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Score! How to Shoot Better Sports Photography

June 29, 2015 10:21 am

It’s summer and everyone is spending all their free time outside enjoying the sunshine. If you’re someone who attends outdoor sports games for the fun of it or because you have a family member on the team, it’s time to polish your photography skills so you can capture amazing action shots like the World Cup image featured above by The Atlantic.

Right zoom lens

It’s not a good idea to be on the field during play, so there’s going to be some distance between you and your subject matter. Compensate for this with a good zoom lens. If your camera came with a kit lens set that included a standard and zoom lens, the zoom may not have the extra features that help capture action sport shots. When you want a crisp shot with a larger zoom lens, choose one that features Image Stabilization because it can be difficult to hold a larger zoom lens steady during shooting. If you know the perfect spot for photographing action on the field, consider setting up a tripod for blur-free images.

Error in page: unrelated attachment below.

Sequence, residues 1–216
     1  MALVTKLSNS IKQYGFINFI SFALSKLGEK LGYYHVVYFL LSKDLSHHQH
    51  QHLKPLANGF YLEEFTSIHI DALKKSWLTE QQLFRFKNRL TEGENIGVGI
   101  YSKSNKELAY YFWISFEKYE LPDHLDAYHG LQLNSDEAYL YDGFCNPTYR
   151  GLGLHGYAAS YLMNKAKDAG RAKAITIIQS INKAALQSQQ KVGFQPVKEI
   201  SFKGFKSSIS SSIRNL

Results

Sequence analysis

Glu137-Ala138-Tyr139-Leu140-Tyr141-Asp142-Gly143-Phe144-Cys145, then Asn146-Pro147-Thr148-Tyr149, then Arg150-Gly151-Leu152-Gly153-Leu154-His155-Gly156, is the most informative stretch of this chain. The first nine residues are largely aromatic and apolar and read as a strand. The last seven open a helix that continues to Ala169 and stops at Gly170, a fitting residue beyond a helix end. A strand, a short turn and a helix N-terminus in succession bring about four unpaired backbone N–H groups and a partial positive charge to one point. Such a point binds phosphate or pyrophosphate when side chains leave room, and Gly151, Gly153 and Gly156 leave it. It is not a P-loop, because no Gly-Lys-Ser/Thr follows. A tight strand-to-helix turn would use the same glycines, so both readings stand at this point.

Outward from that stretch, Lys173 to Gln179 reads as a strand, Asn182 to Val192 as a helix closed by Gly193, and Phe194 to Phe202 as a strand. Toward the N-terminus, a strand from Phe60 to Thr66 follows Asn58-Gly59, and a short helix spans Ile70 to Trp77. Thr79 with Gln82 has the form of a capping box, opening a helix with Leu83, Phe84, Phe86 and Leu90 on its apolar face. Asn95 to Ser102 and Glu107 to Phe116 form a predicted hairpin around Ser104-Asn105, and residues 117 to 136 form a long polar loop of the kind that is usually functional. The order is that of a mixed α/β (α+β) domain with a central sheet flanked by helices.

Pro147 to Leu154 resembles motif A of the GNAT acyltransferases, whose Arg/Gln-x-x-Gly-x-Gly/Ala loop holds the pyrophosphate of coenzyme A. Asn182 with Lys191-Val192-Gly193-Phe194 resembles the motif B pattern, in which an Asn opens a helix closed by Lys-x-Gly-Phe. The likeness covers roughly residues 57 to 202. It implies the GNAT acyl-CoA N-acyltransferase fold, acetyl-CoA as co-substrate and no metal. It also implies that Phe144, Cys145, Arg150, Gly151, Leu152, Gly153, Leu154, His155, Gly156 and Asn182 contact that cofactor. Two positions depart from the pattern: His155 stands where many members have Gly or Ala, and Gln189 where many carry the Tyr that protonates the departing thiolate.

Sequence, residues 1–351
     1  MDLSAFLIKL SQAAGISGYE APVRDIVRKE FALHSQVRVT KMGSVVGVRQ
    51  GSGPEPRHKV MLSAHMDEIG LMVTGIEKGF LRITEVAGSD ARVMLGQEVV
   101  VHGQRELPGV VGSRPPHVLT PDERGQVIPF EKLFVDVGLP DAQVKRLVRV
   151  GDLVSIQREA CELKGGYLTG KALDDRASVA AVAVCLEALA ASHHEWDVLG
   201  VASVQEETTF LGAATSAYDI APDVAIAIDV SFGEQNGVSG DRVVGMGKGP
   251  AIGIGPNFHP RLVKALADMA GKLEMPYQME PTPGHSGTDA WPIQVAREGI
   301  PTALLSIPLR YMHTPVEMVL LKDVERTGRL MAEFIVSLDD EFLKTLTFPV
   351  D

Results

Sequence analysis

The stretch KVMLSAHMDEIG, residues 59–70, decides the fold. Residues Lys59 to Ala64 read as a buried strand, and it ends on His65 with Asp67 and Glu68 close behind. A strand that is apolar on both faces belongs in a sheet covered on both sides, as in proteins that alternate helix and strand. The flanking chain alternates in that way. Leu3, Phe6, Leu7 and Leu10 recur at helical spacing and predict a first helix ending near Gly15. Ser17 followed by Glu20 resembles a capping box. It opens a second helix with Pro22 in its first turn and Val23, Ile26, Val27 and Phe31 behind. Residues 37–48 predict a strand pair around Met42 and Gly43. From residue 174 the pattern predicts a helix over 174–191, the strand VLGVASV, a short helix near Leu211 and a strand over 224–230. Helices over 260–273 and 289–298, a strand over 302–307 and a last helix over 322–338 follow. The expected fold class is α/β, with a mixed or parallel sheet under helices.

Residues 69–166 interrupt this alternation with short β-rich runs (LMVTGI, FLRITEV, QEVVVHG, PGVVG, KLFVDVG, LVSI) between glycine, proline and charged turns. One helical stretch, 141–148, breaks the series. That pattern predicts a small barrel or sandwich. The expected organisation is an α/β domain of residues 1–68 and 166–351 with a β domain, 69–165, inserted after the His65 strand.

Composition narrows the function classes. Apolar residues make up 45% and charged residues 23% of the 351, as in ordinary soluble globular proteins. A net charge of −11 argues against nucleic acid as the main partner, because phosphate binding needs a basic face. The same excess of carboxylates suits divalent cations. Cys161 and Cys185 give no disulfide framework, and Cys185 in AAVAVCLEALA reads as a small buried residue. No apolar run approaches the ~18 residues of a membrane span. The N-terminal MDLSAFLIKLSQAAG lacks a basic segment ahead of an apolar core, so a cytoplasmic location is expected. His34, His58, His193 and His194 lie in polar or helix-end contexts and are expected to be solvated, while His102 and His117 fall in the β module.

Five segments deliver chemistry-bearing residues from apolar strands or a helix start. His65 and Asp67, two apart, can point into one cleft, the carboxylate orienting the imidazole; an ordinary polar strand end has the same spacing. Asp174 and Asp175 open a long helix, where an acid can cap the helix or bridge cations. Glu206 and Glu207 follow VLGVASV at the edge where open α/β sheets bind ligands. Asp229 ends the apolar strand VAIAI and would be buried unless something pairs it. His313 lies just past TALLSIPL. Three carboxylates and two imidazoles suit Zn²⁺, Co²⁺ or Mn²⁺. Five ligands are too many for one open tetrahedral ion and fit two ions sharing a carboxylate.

When the sport you’re shooting takes place outside during the day, use a low ISO. The brighter it is, the lower you need to set your ISO. For a full sun day, start at 100, if it’s cloudy, try 200 and remember to adjust to the changing light if storm clouds roll in. You make think a night game requires a higher ISO, but if it takes place under bright stadium lights, you can use similar settings to full daylight shots.

High shutter speed

For the fast action of sports, set a high shutter speed to avoid taking blurred images. A fast shutter speed is especially important when shooting outside because you have to compensate for the brightness of daylight or stadium lights. Remember that you need to find balance to avoid under or overexposure, so experiment until you find the right speed. If the light changes with clouds rolling in, you’ll need to adjust your shutter speed to compensate. Shutter speeds for outdoor sports photography can range from 1/1500 to 1/5000 and you’re going to have to experiment to find the right setting.

Be on your game

While your friends or family members are busy playing their game, you need to on your photography game and ready to snap the perfect shot. Try following the ball or players with your zoom lens during the action and keep your finger poised on the shutter, ready to press. You can also take some shots of players waiting for the ball to come to them and capture their looks of concentration, readiness and determination. When you have the right zoom lens, you should be able to remain in one spot for most of the game, unless you need to adjust your angle. Keep one eye on the field and the other looking through the lens so you can gauge timing and prepare to snap a photo. Remember to put your camera down periodically to just relax, enjoy the game, and cheer on your favorite players.

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